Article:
For Rays’ Josh Lowe, this Mother’s Day is even more special

ST. PETERSBURG — Playing on Mother’s Day with his mom watching from the stands would be special anytime for Rays outfielder Josh Lowe.

But infinitely more so this year, as Wendy was diagnosed last summer with glioblastoma, an aggressive form of brain cancer.

“Of course,” Josh said before Sunday’s 10-6 loss to the Yankees. “It gives me more of a reason why every single day, (Sunday) especially being Mother’s Day, being able to celebrate her and everything she’s going through, her fight right now. And she’s doing great.

“But, like I said, it gives me more of a reason why every single day to go out there and do what I do even harder.”

Wendy’s symptoms first became apparent in June while attending a series at Tropicana Field between the Rays and Rangers, for whom her oldest son, Nathaniel, plays.

She had surgery in August, then a series of chemotherapy, radiation and other forms of treatments to stabilize her condition and shrink the tumor.

As she continues her battle from their Orlando-area home, the family was able to get together during the Rangers’ visit in April, though both boys were on the injured list. Sunday was the first game this season Wendy saw Josh, who was activated on May 6, play. He wore specially designed cleats and used other pink gear in tribute as well.

“I’m extremely, extremely proud (of her),” Josh said. “She’s handled it every single day just about as well as anybody could handle it. Probably even better, with a smile on her face every single day.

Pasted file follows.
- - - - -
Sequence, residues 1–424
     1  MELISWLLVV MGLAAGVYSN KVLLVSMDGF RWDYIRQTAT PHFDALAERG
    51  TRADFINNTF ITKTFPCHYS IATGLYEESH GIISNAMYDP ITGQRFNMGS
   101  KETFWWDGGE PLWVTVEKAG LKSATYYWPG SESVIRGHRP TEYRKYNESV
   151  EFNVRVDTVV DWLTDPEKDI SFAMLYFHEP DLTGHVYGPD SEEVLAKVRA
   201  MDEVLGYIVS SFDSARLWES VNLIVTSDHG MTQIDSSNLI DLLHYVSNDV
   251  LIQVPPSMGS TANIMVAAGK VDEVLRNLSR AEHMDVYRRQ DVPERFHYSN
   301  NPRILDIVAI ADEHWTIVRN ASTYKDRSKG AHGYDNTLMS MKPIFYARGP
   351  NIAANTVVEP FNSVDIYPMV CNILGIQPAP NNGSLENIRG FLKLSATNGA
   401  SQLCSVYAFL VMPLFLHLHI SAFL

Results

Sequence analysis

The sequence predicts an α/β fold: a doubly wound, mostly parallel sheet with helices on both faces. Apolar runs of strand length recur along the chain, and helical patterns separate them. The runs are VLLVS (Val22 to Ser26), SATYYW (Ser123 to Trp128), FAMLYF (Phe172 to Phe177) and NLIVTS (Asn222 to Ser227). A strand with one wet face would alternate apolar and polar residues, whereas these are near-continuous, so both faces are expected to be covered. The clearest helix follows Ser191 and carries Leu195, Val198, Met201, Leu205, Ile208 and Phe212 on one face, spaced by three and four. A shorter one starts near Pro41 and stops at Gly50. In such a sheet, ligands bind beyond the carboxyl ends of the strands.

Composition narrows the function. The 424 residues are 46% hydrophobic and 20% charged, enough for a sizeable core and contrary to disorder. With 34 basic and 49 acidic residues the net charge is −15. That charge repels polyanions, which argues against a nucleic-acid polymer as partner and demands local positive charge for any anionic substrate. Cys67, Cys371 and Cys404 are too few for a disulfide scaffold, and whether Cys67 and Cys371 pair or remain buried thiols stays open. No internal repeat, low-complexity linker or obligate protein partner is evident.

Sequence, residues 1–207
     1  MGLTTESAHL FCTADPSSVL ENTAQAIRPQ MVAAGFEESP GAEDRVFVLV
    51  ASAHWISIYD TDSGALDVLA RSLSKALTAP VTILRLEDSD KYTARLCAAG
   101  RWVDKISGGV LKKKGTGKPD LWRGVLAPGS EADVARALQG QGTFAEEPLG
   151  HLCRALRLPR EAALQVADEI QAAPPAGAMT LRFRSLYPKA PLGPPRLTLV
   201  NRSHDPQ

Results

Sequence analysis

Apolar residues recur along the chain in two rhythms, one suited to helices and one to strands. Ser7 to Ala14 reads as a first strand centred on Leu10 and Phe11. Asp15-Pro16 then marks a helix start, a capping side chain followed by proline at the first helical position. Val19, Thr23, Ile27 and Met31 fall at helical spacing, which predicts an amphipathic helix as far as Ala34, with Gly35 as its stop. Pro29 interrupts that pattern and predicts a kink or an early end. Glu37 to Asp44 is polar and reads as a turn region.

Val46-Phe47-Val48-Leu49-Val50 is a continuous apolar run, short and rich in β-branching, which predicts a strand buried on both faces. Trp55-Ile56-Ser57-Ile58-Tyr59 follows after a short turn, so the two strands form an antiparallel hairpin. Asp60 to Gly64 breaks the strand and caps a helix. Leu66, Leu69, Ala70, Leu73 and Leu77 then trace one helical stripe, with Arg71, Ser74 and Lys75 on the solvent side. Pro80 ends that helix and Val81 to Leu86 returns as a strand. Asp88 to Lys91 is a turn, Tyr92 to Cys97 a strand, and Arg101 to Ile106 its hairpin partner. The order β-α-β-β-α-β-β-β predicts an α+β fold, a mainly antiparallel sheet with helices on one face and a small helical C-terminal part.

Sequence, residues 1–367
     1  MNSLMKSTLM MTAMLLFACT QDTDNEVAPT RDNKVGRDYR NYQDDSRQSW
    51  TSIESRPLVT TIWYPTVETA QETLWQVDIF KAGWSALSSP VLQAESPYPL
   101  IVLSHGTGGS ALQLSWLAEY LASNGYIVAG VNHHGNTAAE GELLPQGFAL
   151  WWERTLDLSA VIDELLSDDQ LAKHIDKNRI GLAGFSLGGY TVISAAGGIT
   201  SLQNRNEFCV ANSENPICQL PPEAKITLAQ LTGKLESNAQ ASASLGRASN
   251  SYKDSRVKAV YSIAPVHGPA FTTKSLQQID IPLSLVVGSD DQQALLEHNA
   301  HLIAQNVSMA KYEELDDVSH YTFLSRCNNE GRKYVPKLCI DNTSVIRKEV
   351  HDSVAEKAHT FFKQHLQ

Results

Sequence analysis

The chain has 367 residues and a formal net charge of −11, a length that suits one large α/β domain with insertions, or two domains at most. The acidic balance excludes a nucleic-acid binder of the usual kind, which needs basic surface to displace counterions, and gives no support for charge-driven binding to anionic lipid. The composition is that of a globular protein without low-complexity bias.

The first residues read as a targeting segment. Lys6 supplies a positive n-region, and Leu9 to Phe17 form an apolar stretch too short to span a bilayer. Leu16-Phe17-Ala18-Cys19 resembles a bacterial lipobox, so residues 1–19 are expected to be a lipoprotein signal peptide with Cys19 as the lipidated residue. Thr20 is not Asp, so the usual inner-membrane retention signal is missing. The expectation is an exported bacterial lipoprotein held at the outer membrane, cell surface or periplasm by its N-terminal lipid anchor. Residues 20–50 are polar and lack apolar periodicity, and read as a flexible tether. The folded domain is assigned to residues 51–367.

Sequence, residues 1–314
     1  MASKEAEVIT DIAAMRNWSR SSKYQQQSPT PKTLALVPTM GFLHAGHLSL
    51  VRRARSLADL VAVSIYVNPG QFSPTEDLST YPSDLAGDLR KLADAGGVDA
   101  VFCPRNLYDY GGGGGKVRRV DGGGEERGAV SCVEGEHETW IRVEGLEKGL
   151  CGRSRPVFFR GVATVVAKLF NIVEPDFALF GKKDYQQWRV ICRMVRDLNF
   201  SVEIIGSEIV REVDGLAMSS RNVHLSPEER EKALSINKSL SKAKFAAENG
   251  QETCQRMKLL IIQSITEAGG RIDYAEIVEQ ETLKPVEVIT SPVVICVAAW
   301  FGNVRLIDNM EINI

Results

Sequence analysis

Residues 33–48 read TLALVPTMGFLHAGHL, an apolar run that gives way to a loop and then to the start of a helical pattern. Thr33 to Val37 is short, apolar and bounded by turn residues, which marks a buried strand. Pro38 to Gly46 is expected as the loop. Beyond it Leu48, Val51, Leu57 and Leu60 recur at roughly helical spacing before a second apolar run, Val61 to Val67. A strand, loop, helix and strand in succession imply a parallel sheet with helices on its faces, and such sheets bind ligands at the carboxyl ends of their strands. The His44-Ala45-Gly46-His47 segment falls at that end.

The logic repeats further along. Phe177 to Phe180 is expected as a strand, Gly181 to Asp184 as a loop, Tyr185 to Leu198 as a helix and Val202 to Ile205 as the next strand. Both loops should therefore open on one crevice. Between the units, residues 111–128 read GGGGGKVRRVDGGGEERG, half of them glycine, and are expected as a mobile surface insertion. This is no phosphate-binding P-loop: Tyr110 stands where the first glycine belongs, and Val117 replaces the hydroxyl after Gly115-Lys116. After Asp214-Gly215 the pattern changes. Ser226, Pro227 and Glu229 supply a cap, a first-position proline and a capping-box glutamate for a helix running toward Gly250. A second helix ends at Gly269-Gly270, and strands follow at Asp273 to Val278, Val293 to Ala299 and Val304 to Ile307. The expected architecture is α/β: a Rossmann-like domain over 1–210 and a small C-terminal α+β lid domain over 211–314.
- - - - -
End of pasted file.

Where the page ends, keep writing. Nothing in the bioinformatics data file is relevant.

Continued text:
“You’d never know she’s going through something if you saw her, ran into her in the street. So I’m so proud of her and her fight and how she’s doing, and how she’s going to continue going through all this.”

Medical matters: Pepiot, Poche, B. Lowe

• Starter Ryan Pepiot tested his bruised left leg in a 14-15-pitch mound session, saying “it felt pretty good” and “we’re getting there,” though manager Kevin Cash said Pepiot still had “some soreness.”

Pepiot, knocked out of the May 5 game when struck by a 107.5 mph line drive, accompanied the team to Boston with plans to keep testing the leg and throw in some kind of simulated game later this week.

Pending the soreness and how that goes, Cash said, “if he makes another jump, then we’re talking about inserting him back in the rotation right around his day (to be activated, May 21).”

• Lefty reliever Colin Poche needed a second cortisone-type shot, a more impactful kind for which he had to undergo anesthesia, to address his mid-back issues, with hopes he can start throwing again Wednesday. He has been out since late April and likely will require several weeks of buildup and a rehab assignment.

• Second baseman Brandon Lowe resumed his rehab assignment from a right oblique strain Sunday with Triple-A Durham and went 1-for-5 with a three-run homer. He left Friday’s game after one at-bat because, Cash said, “he didn’t feel confident to let his swing go.” He didn’t play on Saturday.

• Reliever Chris Devenski, out since late April with right knee tendinitis, has thrown two pain-free bullpen sessions, which Cash called “encouraging.”


Isaac Paredes was hit on the helmet by a Luke Weaver pitch with the bases loaded in the seventh inning but was checked and stayed in. “You’re worried for any guy,” Cash said. “Obviously, there’s no intent behind it (with) bases loaded. But getting hit in the head is scary. And I’m glad he’s OK.” … Starter Tyler Alexander became the second Ray to work seven innings this season, matching Zach Eflin (May 7). Alexander also matched his career high. … Paredes, who was 1-for-4, extended his on-base streak to 12 games and 22 home games. … The Rays hadn’t allowed five homers to the Yankees in a game at Tropicana Field in nine years, since May 11, 2015.

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